A Beginner's Guide to Pressure Cookers
The prospect of 15 pounds per square inch of steam heat that will soon be building up in the pressure cooker on my kitchen stove has me rattled before I even get the thing fired up. I have, I feel, done less dangerous things in my career—like luging, for example. My friends and family don't help matters. One pal cautions, "It's that constant, almost menacing rocking and hissing of the valve that totally keeps you on edge." My mom, whose new pressure cooker I borrow for this little experiment, left a helpful Post-it note saying, "Don't want to scare you but it needs respect." When's the last time someone lent you a toaster with a cautionary Post-it note? (Rhetorical question, since this has never happened in the history of the world.)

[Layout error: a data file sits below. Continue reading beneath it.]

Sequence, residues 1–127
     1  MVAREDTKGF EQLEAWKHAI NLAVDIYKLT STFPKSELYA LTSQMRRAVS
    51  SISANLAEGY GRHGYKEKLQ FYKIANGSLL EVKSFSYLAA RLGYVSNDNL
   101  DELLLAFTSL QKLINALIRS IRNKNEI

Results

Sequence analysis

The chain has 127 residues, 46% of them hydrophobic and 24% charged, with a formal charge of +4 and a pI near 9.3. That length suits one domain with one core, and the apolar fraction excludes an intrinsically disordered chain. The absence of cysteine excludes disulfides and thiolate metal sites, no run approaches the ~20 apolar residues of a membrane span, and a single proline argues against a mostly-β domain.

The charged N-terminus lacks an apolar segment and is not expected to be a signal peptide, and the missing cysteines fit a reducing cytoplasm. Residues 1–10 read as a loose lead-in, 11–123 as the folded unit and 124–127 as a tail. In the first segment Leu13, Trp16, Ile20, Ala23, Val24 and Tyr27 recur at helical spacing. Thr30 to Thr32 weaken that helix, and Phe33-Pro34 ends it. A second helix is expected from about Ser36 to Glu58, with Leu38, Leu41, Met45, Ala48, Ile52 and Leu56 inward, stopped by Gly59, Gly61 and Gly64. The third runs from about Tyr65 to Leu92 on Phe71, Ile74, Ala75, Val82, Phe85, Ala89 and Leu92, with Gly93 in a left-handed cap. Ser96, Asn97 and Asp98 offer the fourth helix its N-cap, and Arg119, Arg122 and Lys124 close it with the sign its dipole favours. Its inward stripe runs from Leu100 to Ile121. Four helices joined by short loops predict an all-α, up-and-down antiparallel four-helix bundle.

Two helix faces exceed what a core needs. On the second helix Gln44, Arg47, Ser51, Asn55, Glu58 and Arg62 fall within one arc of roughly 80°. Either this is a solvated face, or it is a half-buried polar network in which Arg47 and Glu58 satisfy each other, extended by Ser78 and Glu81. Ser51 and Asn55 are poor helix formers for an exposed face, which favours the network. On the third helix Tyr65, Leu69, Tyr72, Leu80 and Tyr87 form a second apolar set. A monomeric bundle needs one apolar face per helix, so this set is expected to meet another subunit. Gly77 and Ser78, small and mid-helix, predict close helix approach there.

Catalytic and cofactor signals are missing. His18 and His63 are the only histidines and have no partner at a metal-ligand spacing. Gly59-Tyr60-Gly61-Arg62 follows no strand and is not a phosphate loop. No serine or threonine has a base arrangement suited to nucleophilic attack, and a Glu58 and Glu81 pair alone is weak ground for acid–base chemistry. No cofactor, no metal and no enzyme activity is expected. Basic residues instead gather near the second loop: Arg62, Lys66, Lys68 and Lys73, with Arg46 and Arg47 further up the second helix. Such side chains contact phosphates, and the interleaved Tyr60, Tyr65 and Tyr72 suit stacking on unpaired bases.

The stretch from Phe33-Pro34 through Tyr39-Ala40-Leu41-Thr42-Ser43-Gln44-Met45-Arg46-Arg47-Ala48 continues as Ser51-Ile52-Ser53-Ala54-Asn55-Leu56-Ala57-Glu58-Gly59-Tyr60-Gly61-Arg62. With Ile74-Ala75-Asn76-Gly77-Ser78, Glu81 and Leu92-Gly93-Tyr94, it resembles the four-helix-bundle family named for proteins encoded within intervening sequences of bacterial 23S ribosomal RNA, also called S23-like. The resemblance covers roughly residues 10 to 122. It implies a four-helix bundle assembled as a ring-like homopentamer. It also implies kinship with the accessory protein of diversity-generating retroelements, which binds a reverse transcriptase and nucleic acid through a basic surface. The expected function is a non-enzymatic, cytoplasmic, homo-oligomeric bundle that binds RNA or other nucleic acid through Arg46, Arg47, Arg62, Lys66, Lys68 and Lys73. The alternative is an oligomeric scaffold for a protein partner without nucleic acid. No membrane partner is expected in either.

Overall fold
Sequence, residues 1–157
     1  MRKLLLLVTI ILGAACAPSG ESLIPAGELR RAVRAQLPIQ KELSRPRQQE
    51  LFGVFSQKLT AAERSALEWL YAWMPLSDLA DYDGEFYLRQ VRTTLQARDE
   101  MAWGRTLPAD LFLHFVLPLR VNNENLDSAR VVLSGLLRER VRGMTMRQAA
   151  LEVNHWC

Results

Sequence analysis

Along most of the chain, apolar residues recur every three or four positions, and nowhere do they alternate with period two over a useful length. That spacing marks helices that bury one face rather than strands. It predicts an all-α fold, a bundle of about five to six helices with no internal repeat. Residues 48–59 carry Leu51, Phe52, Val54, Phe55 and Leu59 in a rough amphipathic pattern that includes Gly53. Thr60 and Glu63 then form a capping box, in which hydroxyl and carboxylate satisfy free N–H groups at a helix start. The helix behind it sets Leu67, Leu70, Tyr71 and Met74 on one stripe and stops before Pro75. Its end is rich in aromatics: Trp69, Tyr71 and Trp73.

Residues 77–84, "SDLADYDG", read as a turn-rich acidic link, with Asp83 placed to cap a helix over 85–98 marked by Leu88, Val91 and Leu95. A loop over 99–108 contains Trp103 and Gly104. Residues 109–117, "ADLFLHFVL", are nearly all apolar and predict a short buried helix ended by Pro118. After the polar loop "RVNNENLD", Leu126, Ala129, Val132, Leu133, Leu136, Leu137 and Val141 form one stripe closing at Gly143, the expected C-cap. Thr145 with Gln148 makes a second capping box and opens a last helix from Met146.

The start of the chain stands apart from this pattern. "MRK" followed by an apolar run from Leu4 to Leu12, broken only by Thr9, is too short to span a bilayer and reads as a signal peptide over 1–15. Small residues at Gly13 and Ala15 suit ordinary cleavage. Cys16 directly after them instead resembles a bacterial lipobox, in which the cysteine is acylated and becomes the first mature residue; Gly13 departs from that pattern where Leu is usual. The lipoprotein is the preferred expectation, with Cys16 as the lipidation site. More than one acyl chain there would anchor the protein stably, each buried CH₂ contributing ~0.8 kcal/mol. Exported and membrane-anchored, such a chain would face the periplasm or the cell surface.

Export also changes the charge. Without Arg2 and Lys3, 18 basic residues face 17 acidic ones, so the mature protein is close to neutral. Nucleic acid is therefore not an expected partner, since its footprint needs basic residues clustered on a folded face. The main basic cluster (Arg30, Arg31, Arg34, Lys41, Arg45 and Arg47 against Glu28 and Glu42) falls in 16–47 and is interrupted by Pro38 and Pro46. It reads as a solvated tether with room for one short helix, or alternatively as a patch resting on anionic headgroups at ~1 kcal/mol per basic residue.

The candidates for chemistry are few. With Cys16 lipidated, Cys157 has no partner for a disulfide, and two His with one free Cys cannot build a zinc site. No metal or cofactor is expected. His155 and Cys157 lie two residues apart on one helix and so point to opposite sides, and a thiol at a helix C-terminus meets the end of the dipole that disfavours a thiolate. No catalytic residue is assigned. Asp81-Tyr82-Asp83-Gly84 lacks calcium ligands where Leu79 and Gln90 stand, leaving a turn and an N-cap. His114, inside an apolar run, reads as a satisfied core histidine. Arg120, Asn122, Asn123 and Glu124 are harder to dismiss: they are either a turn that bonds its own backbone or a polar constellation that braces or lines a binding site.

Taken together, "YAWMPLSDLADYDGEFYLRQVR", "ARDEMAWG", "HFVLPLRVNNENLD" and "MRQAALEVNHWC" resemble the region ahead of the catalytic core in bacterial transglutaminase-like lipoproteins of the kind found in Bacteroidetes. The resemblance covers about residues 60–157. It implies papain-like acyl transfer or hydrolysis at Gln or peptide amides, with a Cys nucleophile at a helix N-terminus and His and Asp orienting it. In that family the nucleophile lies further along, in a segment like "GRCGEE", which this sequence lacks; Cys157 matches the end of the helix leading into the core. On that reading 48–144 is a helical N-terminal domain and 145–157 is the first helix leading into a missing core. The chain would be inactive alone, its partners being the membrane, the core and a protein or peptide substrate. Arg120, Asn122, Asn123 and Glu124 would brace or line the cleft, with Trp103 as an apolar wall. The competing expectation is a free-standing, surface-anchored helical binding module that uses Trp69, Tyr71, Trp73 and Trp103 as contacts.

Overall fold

There's no denying, however, the appeal of the pressure cooker: slow cooking done faster. Water and steam under high pressure can reduce cooking times by up to 70 percent, which means, at least theoretically, that you could cook a whole chicken in 20 minutes or a potato in eight minutes (theoretically, because some of the setup can add time to the process).
The science is pretty straightforward: Pressure increases the boiling temperature of water. In your unpressurized Dutch oven, water can only heat to 212°F. In a pressure cooker, water, sealed inside a strong pot, can heat up to 250°F before boiling. Imagine climbing to the top of Mount Everest and discovering that water, at such low atmospheric pressure, boils at a measly 160°F or so; should you decide to boil some coffee up there, it would not be piping hot.